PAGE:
December 2019

    A few weeks ago I did a lecture on the architecture of the 18th century. This century is where I go routinely for inspiration. There is something magical about Georgian architecture which everyone seems to enjoy no matter who they are.

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  • New Kitchen New Kitchen

    New Kitchen

    November 2019

    Earlier this year, Country Life, Historic Houses and Neptune launched a competition to celebrate the best new kitchens in old spaces. Our recently completed kitchen fits this brief perfectly and we are thrilled to be shortlisted down to the last three.

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  • St Andrew’s Felixstowe – The Last Wool Church St Andrew’s Felixstowe – The Last Wool Church

    St Andrew’s Felixstowe – The Last Wool Church

    September 2019

    St Andrew’s, Felixstowe is an uncharacteristic early work by Erith designed between 1929 and 1930. He worked in collaboration with Hilda Mason, who, as the older architect was probably the dominant force in the project.

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  • L'amour de l'Architecture Française L'amour de l'Architecture Française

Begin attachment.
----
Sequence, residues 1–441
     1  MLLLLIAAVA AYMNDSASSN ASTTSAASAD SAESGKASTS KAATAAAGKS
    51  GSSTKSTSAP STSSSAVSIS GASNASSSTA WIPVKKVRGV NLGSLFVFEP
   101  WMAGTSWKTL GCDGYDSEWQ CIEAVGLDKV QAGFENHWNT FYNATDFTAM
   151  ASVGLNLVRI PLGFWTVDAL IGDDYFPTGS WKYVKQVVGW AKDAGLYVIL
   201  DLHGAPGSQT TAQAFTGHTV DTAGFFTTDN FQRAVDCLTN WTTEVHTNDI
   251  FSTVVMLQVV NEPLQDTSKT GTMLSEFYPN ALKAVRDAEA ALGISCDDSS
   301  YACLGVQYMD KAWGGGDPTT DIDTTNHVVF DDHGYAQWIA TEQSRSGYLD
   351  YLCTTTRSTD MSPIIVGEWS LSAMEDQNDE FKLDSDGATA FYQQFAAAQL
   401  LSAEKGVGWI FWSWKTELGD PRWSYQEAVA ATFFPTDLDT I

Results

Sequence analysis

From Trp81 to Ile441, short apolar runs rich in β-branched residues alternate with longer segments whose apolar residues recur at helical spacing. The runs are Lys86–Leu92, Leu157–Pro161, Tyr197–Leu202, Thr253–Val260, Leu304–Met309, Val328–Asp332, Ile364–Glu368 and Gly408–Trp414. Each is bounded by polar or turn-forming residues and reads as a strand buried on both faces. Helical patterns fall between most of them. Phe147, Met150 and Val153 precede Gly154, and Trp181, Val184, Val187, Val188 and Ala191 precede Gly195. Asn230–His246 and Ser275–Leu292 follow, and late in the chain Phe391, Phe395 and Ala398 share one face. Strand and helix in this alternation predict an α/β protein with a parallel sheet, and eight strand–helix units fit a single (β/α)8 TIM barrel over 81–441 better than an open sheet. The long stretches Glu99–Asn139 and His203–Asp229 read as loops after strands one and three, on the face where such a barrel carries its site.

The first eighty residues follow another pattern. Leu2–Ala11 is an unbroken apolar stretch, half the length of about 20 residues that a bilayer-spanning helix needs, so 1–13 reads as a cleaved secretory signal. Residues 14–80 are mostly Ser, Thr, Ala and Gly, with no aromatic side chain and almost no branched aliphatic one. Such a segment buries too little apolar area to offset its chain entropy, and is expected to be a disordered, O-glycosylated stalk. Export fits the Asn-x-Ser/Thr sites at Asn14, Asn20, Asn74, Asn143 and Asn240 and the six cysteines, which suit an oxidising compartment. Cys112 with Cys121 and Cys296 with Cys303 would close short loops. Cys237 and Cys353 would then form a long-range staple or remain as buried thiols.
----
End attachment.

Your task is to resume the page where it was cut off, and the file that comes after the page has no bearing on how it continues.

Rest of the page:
L'amour de l'Architecture Française

    April 2019

    Over the years I have noticed that clients seem to favour French classicism over Italian. Because of this, I have been sent on several trips to Paris to study and measure buildings – it’s a tough job but someone’s got to do it!

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  • Happy Birthday Mr Lutyens Happy Birthday Mr Lutyens

    Happy Birthday Mr Lutyens

    March 2019

    As everyone knows, the 29th March this year is a big day in European politics, but, if like me, you feel bored by the process and anxious by the result; might I suggest celebrating 150th Lutyens’s birthday, which coincidentally is on the same day?

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  • An Introduction to Baroque Architecture An Introduction to Baroque Architecture

    An Introduction to Baroque Architecture

    February 2019

    This is a lecture I gave to the office about the baroque movement in architecture. It follows on from a lecture I gave about the renaissance and is the precursor to a future lecture on neoclassicism.

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  • A Quick Trip to Ireland A Quick Trip to Ireland

    A Quick Trip to Ireland

    December 2018